China’s exports and imports shrank at their steepest pace in at least two and a half years in November

It was revealed today by Xi Jinping, who finally lifted large swathes zero-Covid restrictions.

The world’s second-largest economy was under pressure from weak global and domestic demand, Covid led to production disruptions and a property slump in the home.

The downturn was worse than the markets anticipated. Economists predict a period of further decline in exports. This will highlight sharp retreating in world trade as businesses and consumers cut back on spending due to central bank’s aggressive efforts to control inflation.

China – Weak trade data released this morning showing both exports and imports contracting at steeper rates in November imply challenging overseas demand conditions as well as Covid containment measures related issues at home.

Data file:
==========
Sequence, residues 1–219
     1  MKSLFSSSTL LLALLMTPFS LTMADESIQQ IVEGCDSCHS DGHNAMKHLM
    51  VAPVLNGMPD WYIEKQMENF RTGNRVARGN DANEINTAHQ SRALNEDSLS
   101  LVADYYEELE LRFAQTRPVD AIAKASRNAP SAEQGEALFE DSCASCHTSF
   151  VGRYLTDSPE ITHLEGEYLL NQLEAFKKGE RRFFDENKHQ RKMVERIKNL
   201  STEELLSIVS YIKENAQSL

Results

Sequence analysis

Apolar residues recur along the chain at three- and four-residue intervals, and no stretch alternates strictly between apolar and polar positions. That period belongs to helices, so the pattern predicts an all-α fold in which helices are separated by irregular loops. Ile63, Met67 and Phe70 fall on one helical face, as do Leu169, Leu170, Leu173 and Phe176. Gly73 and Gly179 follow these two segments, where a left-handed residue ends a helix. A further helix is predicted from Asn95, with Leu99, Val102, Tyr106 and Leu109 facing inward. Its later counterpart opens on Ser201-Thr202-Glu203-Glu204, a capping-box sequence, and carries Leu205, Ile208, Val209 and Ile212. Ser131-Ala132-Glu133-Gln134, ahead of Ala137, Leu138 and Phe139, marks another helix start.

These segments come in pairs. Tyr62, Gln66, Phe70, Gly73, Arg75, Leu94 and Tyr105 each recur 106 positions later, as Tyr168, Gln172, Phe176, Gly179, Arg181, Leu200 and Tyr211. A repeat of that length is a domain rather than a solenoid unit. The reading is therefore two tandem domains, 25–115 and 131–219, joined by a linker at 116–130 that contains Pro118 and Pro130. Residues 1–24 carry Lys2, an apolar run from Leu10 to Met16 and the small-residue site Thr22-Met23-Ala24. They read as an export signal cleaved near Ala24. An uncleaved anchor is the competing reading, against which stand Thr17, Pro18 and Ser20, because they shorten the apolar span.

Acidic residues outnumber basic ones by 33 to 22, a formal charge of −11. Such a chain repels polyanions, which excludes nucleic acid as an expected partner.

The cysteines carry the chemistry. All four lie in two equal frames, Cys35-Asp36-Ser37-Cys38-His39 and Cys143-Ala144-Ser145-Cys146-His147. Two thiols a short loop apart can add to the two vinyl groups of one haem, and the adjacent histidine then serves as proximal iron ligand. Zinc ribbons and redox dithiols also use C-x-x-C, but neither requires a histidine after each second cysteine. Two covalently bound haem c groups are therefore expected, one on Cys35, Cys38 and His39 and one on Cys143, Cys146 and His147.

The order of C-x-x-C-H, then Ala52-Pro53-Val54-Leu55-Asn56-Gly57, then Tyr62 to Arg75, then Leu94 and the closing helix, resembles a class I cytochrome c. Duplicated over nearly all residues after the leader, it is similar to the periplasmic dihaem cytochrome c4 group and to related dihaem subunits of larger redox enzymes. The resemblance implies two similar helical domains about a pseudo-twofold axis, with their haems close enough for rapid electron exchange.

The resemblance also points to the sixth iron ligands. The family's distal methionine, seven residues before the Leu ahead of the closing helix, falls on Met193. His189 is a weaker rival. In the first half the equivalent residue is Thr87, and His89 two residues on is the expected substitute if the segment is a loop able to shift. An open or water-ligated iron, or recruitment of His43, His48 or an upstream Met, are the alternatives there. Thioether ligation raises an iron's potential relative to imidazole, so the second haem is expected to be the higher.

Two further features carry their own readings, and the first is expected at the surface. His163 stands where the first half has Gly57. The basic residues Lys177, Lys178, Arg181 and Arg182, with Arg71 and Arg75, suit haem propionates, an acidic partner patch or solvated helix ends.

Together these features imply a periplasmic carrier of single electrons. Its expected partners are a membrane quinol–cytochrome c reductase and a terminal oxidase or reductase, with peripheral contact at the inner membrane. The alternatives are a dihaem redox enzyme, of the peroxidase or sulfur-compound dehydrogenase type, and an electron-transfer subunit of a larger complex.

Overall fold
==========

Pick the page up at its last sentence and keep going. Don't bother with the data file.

• The decline also comes during a seasonally strong period when demand normally picks up ahead of the Christmas and holiday season overseas.
  • Exports (%yoy): -8.7 v -0.3 October and -3.9 est.
  • Imports (%yoy): -10.6 v -0.7 October and -7.1 est.

Official data revealed that exports fell 8.7% in November compared to a year ago. This was a sharper drop than the 0.3pc loss recorded in October. It also marked the worst performance since February 2020. They fell 3.5pc below analysts’ estimates.

Importers were also affected by the widespread Covid curbs. The sharp decline in imports was 10.6%, compared to a 0.7pc decrease in October. This was less than the 6pc forecasted drop. This was the worst downturn since May 2020.

This announcement comes as China announces today that it will be lifting a number of Covid-19 restrictions. Investors hope this will increase demand for the second-largest economy in the world.

This morning’s announcement includes limiting lockdown to specific apartment floors and buildings rather than whole districts and entire neighbourhoods.

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